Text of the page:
Statistical and epidemiological methods
We estimated the association between exposure to psychotropic drugs and falling accidents. A nested case control study with detailed information on temporal exposition to psychotropic medication was performed with propensity score matching (propensity score based on prevalent disease) to reduce the risk of confounding. We performed a conditional logistical regression analysis with case control pairs matched on age, sex, municipality, propensity score (based on prevalent disease) and exact date (day) of the falling accident for determining exposure to psychoactive drugs. We adjusted the models for marital status, country of origin, income and previous falls.
Propensity score for use of psychiatric drug
Propensity score is a method for estimating treatment effects in observational research.44–46 In short, using a logistic regression on the whole cohort representing the base population of the nested case control study, we obtained the probability (ie, propensity) of using psychoactive drugs as a function of the variables indicated in table 1. We performed a stepwise logistic regression on the whole population 65 years or older and modelled the probability of being a user of psychiatric drug as a function of previous diseases (2 years). The use of psychiatric drugs (ATC codes, N02A, N05A, N05B, N05C and N06A) was measured during the period from 25 to 31 December 2005 (measured from last dispensation at the pharmacy and number of DDDs). For each individual, a propensity for using a psychiatric drug was calculated for each day during 2006 based on 2 years of information on previous diseases.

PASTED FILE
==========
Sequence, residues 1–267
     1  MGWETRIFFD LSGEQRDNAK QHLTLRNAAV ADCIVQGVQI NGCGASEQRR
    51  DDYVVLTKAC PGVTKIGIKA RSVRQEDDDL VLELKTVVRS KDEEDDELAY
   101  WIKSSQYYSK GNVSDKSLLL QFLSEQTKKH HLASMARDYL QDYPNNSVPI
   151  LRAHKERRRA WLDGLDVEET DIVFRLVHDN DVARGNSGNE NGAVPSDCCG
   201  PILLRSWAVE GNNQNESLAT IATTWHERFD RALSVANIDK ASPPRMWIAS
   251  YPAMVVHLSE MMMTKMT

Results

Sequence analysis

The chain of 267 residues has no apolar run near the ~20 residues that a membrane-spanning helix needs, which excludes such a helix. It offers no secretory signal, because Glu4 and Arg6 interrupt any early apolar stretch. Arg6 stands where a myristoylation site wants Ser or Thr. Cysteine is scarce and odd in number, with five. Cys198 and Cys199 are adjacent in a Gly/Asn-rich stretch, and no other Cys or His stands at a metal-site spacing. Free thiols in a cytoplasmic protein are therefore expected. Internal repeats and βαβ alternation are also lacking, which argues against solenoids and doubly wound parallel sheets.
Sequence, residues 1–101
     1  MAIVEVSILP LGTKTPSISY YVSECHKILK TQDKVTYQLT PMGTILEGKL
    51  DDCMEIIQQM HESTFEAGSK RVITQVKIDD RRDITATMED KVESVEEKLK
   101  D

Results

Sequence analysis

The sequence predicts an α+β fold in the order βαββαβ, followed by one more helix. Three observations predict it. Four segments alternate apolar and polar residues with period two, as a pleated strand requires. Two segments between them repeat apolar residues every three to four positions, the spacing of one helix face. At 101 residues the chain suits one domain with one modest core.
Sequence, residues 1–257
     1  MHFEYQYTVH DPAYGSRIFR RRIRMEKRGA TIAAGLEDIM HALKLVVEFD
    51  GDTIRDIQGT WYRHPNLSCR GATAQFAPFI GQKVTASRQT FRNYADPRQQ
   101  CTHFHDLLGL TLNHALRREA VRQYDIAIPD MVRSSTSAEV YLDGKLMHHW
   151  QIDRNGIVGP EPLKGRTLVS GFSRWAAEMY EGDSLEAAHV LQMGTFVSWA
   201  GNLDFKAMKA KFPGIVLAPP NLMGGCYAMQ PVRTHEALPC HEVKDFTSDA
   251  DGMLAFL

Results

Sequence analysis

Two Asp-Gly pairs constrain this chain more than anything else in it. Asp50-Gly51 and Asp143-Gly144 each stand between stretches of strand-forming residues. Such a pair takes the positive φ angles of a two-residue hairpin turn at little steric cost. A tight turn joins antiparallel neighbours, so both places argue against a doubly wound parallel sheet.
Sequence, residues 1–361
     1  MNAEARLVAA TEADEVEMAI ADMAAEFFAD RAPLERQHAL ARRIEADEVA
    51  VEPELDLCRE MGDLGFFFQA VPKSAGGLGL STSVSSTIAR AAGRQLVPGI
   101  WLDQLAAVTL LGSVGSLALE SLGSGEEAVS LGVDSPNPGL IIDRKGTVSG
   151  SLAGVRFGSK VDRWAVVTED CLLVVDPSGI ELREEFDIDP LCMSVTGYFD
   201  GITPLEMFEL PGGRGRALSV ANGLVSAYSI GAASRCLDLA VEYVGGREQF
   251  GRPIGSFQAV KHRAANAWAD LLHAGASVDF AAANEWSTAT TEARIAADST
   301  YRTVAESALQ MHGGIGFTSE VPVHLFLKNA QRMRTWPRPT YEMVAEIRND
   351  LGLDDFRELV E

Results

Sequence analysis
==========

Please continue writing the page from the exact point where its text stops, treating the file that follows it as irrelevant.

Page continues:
All cases (individuals registered with a falling accident) were matched with individuals without a fall but with the same age, sex, municipality and propensity of psychiatric drug use for the day of the fall. The controls were selected with replacement from the population with all individuals without a fall. For 88% of cases (n=10 482), matching controls were found. The tolerance for matching was set to 1%.
Table 1 shows the odds ratios (ORs) for taking at least one psychotropic drug and for falling accidents in relation to each of the diseases included in the propensity score in the total elderly population of Scania, Sweden. There were strong associations between various disease entities and the use of psychotropic drugs (table 1). Furthermore, there were strong associations between prevalent disease and falling accidents. For example, those having a hip fracture had a more than fourfold increased odds of a future falling accident (OR=4.49; 95% confidence intervals (CI) 3.42 to 5.90).